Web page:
Episode 149: Jeff Volek discusses ketogenic diet to improve metabolic health and treat disease
// Feb 21, 2023
Dr. Jeff Volek has been investigating how humans adapt to ketogenic—and carbohydrate-restricted diets for the past 30 years. Today, Jeff returns to STEM-Talk to discuss a growing accumulation of studies supporting a ketogenic diet as a way to improve metabolic health, as well as research confirming the relative safety of dietary fat.
Jeff is a professor in the Department of Human Sciences at Ohio State University. He is known for his research on the clinical application of ketogenic diets in the management of insulin resistance and type-2 diabetes. His research particularly aims to understand individual variability, including how well-formulated ketogenic diets alter fatty acid composition, lipoprotein metabolism, gut microbiome and overall metabolic health.
Jeff has performed several prospective diet studies that demonstrate that well-formulated ketogenic diets result in substantial improvements in (if not complete reversal of) metabolic syndrome and type-2 diabetes. In today’s episode, we talk to Jeff about:
— How a well-formulated ketogenic diet results not only in weight loss, but also leads to substantial improvements in insulin resistance as well as improvements in a number of cardio-metabolic biomarkers associated with metabolic syndrome.
— The remarkable progress that has been made in the science of low-carbohydrate nutrition in the past 30 years.
— How Jeff’s research has expanded to look at a well-formulated ketogenic diet’s potential in the treatment of mental health, heart disease and cancer.
— An initiative Jeff is conducting to address how the poor metabolic health of the nation is impacting our military troops and therefore poses a significant threat to the future of the military and our nation’s defense.
— We also ask Jeff about his thoughts on the recent popularity of fasting and time-restricted eating. We then ask what his own daily dietary intake looks like.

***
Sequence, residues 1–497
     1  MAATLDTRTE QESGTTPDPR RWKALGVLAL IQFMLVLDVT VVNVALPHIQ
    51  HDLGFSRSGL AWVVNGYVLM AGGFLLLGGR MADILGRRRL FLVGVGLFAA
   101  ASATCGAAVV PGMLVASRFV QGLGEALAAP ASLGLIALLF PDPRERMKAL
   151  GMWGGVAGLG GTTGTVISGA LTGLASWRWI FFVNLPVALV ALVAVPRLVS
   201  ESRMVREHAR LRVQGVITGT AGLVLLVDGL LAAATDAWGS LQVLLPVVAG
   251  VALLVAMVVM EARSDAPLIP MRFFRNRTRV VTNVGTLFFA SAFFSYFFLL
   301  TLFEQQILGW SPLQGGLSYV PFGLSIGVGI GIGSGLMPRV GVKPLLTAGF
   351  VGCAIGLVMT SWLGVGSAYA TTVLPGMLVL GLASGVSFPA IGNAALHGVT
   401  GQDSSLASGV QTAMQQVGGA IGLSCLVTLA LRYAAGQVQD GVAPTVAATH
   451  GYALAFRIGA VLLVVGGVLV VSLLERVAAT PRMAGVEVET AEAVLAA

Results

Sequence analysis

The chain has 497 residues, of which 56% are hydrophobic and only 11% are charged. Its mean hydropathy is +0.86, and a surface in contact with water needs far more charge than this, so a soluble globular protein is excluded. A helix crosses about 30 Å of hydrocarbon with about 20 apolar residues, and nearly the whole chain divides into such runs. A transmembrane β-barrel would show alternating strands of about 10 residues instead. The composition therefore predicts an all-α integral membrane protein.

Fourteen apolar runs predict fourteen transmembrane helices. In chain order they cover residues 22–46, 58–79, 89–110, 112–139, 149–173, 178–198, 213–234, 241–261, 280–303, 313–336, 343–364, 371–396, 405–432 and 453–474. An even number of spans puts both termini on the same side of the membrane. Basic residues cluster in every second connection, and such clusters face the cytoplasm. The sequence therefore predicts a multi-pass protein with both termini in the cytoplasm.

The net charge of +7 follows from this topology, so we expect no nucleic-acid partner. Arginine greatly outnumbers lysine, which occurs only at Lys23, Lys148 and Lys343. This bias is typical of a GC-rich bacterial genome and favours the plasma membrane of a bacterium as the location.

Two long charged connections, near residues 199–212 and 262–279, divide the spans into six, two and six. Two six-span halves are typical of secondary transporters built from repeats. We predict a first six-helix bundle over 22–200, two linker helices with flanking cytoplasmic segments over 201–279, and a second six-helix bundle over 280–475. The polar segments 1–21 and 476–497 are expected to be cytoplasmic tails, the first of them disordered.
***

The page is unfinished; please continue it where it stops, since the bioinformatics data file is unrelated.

Show notes[00:02:48] Ken opens the interview welcoming Jeff back to STEM-Talk. Ken mentions that Jeff, who appeared on episode 43, has perhaps published more research on the ketogenic diet and its effects on humans than anyone. While most STEM-Talk listeners are familiar with Jeff’s research, Ken points out that many people might not know that Jeff was once an accomplished powerlifter, achieving impressive numbers for his body weight. Ken asks Jeff what his best lifts were, and if his background in powerlifting inspired him to study exercise physiology. [00:05:25] Dawn mentions there is a paradigm shift in terms of low-carb diets and the public perception regarding the relative safety of dietary fat. Americans have long been led to believe that saturated fats lead to obesity and heart disease. Dawn goes on to explain that in the last 20 years, there has been a steady accumulation of studies supporting carbohydrate restriction as well as the relative safety of dietary fat. Jeff addressed this in a paper in Science titled “Dietary Fat: From Foe to Friend?”, and also a paper in the Journal of the American College of Cardiology titled “Saturated Fats and Health: A Reassessment and Proposal for Food Based Recommendations” Dawn asks Jeff to talk about this research and what listeners should take from it. [00:08:37] Ken mentions that Jeff at one point in his life demonized fat, and was a strong advocate for low-fat diets. Ken asks what changed his mind on this issue. [00:10:04] Dawn mentions that when Jeff was interviewed back in 2017, he was in the early stages of launching Virta, a company that was founded in 2014 to address the type-2 diabetes epidemic that we’re seeing in the United States and across the world. Dawn asks Jeff to explain what type-2 diabetes is and how it’s different than type-1. [00:13:36] Ken explains that diabetes is a major cause of blindness, kidney failure, heart attacks, stroke and lower-limb amputation. In light of this, Ken asks Jeff if we know how many deaths can be annually attributed to diabetes. [00:14:54] Dawn explains that Virta’s website describes the company’s program as “blood sugar control without the drugs.” Virta works with diabetics to not only lower their blood sugar, but help them lose weight, eliminate their need for insulin and other medications, and restore their metabolic health. Dawn asks Jeff to give an overview of Virta and the progress being made in its endeavors. [00:17:57] Dawn mentions that Virta has had a number of recent papers and trials that have demonstrated some amazing results. With a paper in Nutrients last year that reported on the results of a two-year pilot study that highlighted the effectiveness and sustainability of Virta’s intervention in reversing a variety of metabolic conditions. Dawn goes on to explain that Virta was able to help 97 percent of its prediabetic patients in the two-year study to avoid type-2 diabetes. She asks Jeff, as the chief science officer of Virta, for his thoughts about the successful outcomes being seen by Virta’s trials and studies. [00:19:48] Ken shifts to talk about Jeff’s work at Ohio State. Jeff joined the university in 2014, and in the past decade has established the Volek Low-Carbohydrate Laboratory, which specializes in dietary carbohydrate restriction and nutritional ketosis. Ken asks Jeff to give an overview of the lab and the research that goes on there. [00:22:56] Dawn mentions that Jeff’s lab also has a team of registered dietitians who work with clients on a variety of approaches to low-carb and ketogenic diets. Dawn asks Jeff to talk about the services the lab provides. [00:24:59] Ken explains that a lot of people have the belief that a ketogenic diet is only about losing weight. Jeff, however, stresses that a well-formulated ketogenic diet results in not only weight loss, but also substantial improvements in insulin resistance and improvements on a number of cardio-metabolic biomarkers associated with metabolic syndrome. Ken asks Jeff to talk about the wide range of benefits people experience as a result of a ketogenic diet. [00:28:15] Dawn asks Jeff to talk about the symposium he and Ken as well as some other folks put together at Ohio State that addressed the remarkable progress that has been made in the science of low-carbohydrate nutrition. Jeff goes on to describe some the key takeaways from the symposium. [00:31:20] Dawn asks Jeff to talk about his lab’s research into cancer and how research has shown that the majority of tumors use glucose as their primary fuel source. [00:34:01] As a follow-up, Ken mentions the STEM-Talk interview with Colin Champ that centered on ketogenic cancer research. [00:34:17] Ken asks Jeff about a couple of pilot ketogenic diet cancer studies that are currently underway in his lab, as well as a pilot study that is specifically looking at advanced-stage breast cancer. [00:37:15] Dawn mentions that while weight loss is a common outcome of consuming a ketogenic diet, a question that has been rather controversial in the research community is whether there are metabolic improvements as a result of carbohydrate restriction that are independent of weight loss. Dawn explains that Jeff published a study last year in the Journal of Clinical Investigation Insight that found more than half of your obese study participants who were suffering from metabolic syndrome no longer met the criteria for metabolic syndrome at the end of a four-week low-carb diet, even though the participants didn’t lose any weight. The results demonstrate that irrespective of weight loss, a low-carb diet improves a host of metabolic problems. Dawn asks Jeff to talk about this study and the significance of its findings. [00:41:27] Ken mentions that Jeff’s lab is currently doing work with the military, going on to mention that Jeff’s lab received funding a few years ago to look into whether a ketogenic diet could help the military deal with its ongoing challenge of obesity among the troops. The subsequent study showed that participants lost an average of 17 pounds after 12 weeks on the ketogenic diet, and as a group, the participants lost more than five percent of their body fat, and almost 44 percent of their visceral fat, and had a 48 percent improvement in their insulin sensitivity. Ken asks Jeff to go into further depth about this study and its findings. [00:46:07] Ken asks about Jeff’s project, currently underway, called “Strategies to Augment Ketosis,” or STAK. It’s a comprehensive initiative that is going to address the physical and financial toll attributed to the pervasive poor metabolic health of the nation and how this impacts our military troops, especially veterans, and therefore poses a significant threat to the future of the military and our national defense. Ken explains that there are multiple layers of research involved in STAK, many of which utilize ketone esters, and asks Jeff to explain what ketone esters are for those listeners who have not listened to episode 54 of STEM-Talk with Brianna Stubbs. [00:48:41] Dawn explains that one of the major topics being examined in STAK is sleep deprivation, which is a major problem in military populations, with only one in three U.S. Army Active-Duty Soldiers estimated to get their target of seven hours of sleep on duty days. Given that insufficient sleep leads to a drop in performance and an increase in errors, it is an important problem to solve. There is evidence that ketone ester supplements may lessen the adverse effects of sleep deprivation, and thus STAK will further explore this possibility. Jeff talks about the clinical trial he is putting together, which will look at whether ingesting a ketone ester supplement twice daily can improve cognitive and physical performance during short-term sleep restriction. [00:51:45] Ken follows up, asking Jeff what the rationale is for his hypothesis that ketosis will mitigate the negative effects of sleep deprivation. [00:53:48] Dawn explains that another element of STAK is exploring the effects of ketone esters and the sustained long-term effects of a ketogenic diet on type-2 diabetes and heart failure. Dawn asks Jeff to talk about this study, and why he thinks ketones would be beneficial for the heart. [01:00:28] Dawn asks about the STAK study looking at the possibility of delaying or preventing the progression of diabetic nephropathy. [01:02:24] Ken shifts to talk about work Jeff’s lab is doing on metabolic psychiatry. Ken goes on to explain that we have known for a long time that food choices can alter a person’s neurochemistry, but we are just now beginning to research the impact that macronutrients can have on our mental and emotional well-being. Jeff discusses this work and explains what metabolic psychiatry entails. [01:05:58] Dawn mentions that a common struggle for physicians who are strong proponents of a ketogenic diet is getting their patients to stick to it. Dawn goes on to mention our recent interview with Vyvyane Loh who talked about how some of her patients struggle with the diet and so she often ends up recommending a less stringent low-carb diet instead. Dawn asks Jeff his thoughts on this, as well as the critique of the ketogenic diet that it is not sustainable. [01:12:03] Dawn talks about the so-called keto flu being a hurdle that many people feel they can’t overcome, and asks Jeff what his thoughts and advice are about this. [01:16:08] Ken mentions the current popularity of fasting and time-restricted eating. Going on to say that while fasting is an effective way to get into ketosis, Jeff has reservations about fasting, particularly those that last beyond 24 hours. [01:20:36] Dawn mentions the surge in new products on grocery shelves advertised as keto breads, keto donuts, keto bagels, etc. Dawn asks Jeff what his thoughts about the flood of keto-branded products we’re seeing. [01:25:56] Dawn describes Jeff as a walking testimonial for ketogenic and low-carb diets. Jeff has followed a low-carb diet for more than 20 years, all the while maintaining a healthy body weight and lipid profile. Dawn asks Jeff to share with listeners what his daily dietary intake looks like and how the diet benefits him. [01:29:07] Dawn closes the interview by asking Jeff where he sees the field of ketogenic research going in the next decade, and if the dietary recommendations might change in that time. Dawn goes on to mention that Jeff published a recent article with several prominent co-authors titled